The motion judge found USI had not shown irreparable harm because Newark had a "right under N.J.S.A. 40A:11-4.1 and N.J.S.A. 40A:11-4.3 to utilize competitive contracting as opposed to public bidding." This conclusion ignores USI's status as the lowest bidder and suggests that Newark is free to peremptorily reject USI's bid without justification. It is not. See N.J.S.A. 40A:11-13.2 (defining those circumstances whereby the contracting unit may reject all bids).

The motion judge also determined that the legal right underlying USI's claim is unsettled. However, "the basis for the claim that a publicly-advertised contract should ... be awarded to a bidder who has... [met] material bid requirements ... is not doubtful but well-established." Waste Mgmt., supra, 433 N.J. Super. at 452 (citing Meadowbrook Carting Co. v. Borough of Island Heights, 138 N.J. 307, 313 (1994) ("publicly advertised contracts must be awarded to `the lowest responsible bidder.'" (in turn citing N.J.S.A. 40A:11-6.1)). This right is subject only to Newark's ability to either reject all bids and proceed to competitive contracting, or otherwise to conclude USI is not a "responsible" bidder.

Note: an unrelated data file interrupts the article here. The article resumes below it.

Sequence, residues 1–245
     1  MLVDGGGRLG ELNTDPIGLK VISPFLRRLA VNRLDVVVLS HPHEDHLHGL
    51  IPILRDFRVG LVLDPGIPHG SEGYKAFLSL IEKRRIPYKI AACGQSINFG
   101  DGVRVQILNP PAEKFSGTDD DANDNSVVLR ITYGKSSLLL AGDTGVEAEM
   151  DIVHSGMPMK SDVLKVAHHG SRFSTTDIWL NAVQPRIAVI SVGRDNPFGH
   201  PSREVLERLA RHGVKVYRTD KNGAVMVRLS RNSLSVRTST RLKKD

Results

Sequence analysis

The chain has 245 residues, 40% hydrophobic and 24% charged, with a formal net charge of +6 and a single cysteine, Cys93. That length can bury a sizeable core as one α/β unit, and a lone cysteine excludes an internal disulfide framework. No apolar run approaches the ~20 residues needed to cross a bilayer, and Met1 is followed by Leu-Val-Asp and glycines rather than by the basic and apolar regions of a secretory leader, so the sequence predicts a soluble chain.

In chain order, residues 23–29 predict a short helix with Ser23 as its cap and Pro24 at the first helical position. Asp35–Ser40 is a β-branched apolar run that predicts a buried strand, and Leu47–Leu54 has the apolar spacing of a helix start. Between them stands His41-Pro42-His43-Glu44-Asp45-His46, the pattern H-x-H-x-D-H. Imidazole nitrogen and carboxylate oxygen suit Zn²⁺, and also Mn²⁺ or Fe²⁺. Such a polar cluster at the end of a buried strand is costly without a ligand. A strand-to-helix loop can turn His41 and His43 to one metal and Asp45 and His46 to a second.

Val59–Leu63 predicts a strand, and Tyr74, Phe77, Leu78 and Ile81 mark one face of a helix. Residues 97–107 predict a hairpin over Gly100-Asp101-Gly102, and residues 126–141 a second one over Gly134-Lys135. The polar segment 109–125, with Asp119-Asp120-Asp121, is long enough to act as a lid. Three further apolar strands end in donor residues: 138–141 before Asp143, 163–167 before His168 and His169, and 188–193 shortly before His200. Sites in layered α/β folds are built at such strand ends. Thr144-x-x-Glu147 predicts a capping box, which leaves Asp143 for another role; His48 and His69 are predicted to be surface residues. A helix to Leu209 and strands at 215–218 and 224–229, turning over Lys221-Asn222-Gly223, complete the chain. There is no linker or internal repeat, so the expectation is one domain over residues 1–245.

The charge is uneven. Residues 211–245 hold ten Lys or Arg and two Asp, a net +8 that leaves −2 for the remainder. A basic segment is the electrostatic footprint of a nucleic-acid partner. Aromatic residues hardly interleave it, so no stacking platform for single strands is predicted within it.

Particularly when the public interest is at stake, "[t]he power to impose restraints pending the disposition of a claim on its merits is flexible[.]" Waste Mgmt., supra, 433 N.J. Super. at 453.

This less rigid approach, for example, permits injunctive relief preserving the status quo even if the claim appears doubtful when a balancing of the relative hardships substantially favors the movant, or the irreparable injury to be suffered by the movant in the absence of the injunction would be imminent and grave, or the subject matter of the suit would be impaired or destroyed. [Id. at 454 (citations omitted)].

We perceive no harm to any of the parties by reinstating the stay, and the balancing of the equities involved militate in favor of injunctive relief.

That portion of the December 16, 2016 order denying USI's application for a preliminary injunction against Newark is reversed, and our January 31, 2017 order enjoining Newark from making any award of the contract is continued until resolution of the underlying complaint. The matter is remanded to the trial court. We do not retain jurisdiction.

FootNotes


1. Local 32BJ is the largest property services union in the country with approximately 145,000 members nationwide and 10,000 members in New Jersey.
2. In its brief, USI maintains its bid was $3 million lower. Absent proof in the record, we adopt the motion judge's figure.